These days, the conversation around inequality needs to be richer and deeper - Transcript

ANDREW LEIGH MP

SHADOW ASSISTANT TREASURER

SHADOW MINISTER FOR COMPETITION AND PRODUCTIVITY

SHADOW MINISTER FOR CHARITIES AND NOT-FOR-PROFITS

SHADOW MINISTER FOR TRADE IN SERVICES

MEMBER FOR FENNER

 

ROSS HART MP

MEMBER FOR BASS

 

E&OE TRANSCRIPT

DOORSTOP

LAUNCESTON

MONDAY, 14 NOVEMBER 2016

SUBJECTS: Turnbull Government’s lack of investment in Northern Tasmania; inequality; backpacker tax; education

ROSS HART, MEMBER FOR BASS: Welcome everybody. It's a great pleasure to have here in Northern Tasmania Dr Andrew Leigh, who's the Shadow Assistant Treasurer, talking to people in the community about the importance of investment in jobs and infrastructure in the north of the state. I've taken Andrew up here to Ravenswood to show him the fabulous child and family centre, and to stress the importance of embedding these wraparound services into communities. If we're serious about creating jobs in a community like Northern Tasmania we really need to invest in people as well as infrastructure. Unfortunately, the Turnbull Government doesn't get the fact that you need to invest over a long period of time in order to see meaningful results in a community like Northern Tasmania.

Welcome Andrew.

ANDREW LEIGH, SHADOW ASSISTANT TREASURER: Thanks very much, Ross. Since Ross's election I've been asking him when I'd have the opportunity to come and spend some time in Launceston. Seeing the facility here in Ravenswood and speaking with Ross about the challenges in the community really does remind you that in the age of Trump, Brexit and Le Pen, the conversation around inequality needs to be richer and deeper.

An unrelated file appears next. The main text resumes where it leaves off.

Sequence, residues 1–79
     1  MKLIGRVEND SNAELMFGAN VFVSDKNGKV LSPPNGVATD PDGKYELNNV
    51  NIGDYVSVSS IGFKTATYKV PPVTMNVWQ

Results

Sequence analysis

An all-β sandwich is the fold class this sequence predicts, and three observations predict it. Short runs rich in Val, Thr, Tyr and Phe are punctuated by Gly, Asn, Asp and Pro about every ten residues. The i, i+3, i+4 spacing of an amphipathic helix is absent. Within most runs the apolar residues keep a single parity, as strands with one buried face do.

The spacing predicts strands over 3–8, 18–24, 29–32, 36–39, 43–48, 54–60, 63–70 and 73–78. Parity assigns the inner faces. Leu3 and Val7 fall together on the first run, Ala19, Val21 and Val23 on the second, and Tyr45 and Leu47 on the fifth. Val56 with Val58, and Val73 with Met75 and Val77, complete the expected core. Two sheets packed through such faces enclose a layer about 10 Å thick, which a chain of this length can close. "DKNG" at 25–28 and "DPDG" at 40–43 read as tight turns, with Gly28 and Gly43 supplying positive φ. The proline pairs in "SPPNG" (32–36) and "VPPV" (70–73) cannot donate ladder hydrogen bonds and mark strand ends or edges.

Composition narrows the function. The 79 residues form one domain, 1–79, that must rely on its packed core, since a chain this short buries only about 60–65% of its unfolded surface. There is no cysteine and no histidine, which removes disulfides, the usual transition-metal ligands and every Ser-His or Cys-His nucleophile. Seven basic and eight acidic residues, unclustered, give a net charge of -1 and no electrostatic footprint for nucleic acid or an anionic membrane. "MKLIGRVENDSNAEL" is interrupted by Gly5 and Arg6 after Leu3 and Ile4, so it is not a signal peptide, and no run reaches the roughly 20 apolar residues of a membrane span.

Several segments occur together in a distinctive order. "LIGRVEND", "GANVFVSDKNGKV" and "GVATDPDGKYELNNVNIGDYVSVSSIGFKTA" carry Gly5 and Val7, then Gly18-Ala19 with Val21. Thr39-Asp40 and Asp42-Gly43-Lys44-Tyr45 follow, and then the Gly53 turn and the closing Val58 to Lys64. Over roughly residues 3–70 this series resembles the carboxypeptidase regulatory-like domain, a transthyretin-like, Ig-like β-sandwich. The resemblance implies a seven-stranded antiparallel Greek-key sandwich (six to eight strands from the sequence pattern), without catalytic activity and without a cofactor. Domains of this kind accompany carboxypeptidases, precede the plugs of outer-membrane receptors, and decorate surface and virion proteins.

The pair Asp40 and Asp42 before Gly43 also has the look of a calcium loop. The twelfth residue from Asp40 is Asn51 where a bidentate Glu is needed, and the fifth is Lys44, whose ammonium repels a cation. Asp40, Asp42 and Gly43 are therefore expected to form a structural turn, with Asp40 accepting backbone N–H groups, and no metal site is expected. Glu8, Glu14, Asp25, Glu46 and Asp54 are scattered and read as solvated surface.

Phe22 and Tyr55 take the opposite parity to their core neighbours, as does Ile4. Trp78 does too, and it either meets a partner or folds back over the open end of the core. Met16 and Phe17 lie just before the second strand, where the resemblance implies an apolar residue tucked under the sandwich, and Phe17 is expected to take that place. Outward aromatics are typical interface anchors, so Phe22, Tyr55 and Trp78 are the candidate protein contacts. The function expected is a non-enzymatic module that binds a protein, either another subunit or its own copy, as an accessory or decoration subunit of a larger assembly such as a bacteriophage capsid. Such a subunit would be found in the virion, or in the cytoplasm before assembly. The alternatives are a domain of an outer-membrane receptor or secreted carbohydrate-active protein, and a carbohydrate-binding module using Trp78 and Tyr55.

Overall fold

Labor firmly believes that we need to do more to create more jobs. The unemployment rate in Launceston is now nine per cent. Many families are experiencing the frustration of teenagers leaving school not able to find a job. Labor wants investments that will ensure we have well-paying jobs now and into the future. We want to ensure we have a better healthcare system, that we have a better education system which provides opportunities in school, vocational training and universities.

In Ross Hart, the community of Bass has a fantastic local member. Somebody who understands deeply the challenges of inequality and who's committed in his heart to doing as much as he can to create a more cohesive community. Australia does benefit from our engagement with the world and Tasmanians know that – through exports of salmon and milk, and through the overseas students who come to study at the University of Tasmania.

But we need to make sure that globalisation works for everyone. That globalisation includes the wraparound social supports that ensure that the benefits of growth that flow from globalisation are fairly shared across the community. Labor doesn't believe that sharing is as fair as it could be. We believe that inequality is a signal challenge of our age that needs to be tackled and they're the issues that we need to be focused on today.

We're happy to take questions.

JOURNALIST: The Turnbull Government is investing millions of dollars into the University of Tasmania's relocation in Northern Tasmania. Isn't that a signal that they are investing in people and infrastructure?

LEIGH: The Turnbull Government were dragged kicking and screaming to support - at the last minute - a Labor investment. We're of course pleased that that is going ahead. We believe it creates jobs in the construction phase and opportunities once the campus is opened. But we also believe that it's vital that there's a State Government that is doing as much as it can to improve school retention, and we don't believe we've seen that out of the Liberal State Government - which has allowed education to slide where it ought to be a state priority.

JOURNALIST: You mentioned President-Elect Trump and in the past Tasmania has been referred to as a rust-belt state – I think by Access Economics. Do you see some parallels between Tasmania and some of the states that went to Trump in the election?